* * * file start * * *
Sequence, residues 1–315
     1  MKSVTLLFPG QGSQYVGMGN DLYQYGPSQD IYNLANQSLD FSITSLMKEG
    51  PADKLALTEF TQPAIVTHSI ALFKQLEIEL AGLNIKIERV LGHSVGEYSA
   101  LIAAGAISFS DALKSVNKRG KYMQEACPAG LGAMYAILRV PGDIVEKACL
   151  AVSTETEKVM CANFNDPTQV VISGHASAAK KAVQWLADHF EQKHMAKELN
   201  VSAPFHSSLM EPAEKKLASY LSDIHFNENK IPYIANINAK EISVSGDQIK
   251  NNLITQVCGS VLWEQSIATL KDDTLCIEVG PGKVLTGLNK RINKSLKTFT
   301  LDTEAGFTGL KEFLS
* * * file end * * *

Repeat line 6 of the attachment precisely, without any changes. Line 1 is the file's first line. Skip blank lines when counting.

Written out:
   201  VSAPFHSSLM EPAEKKLASY LSDIHFNENK IPYIANINAK EISVSGDQIK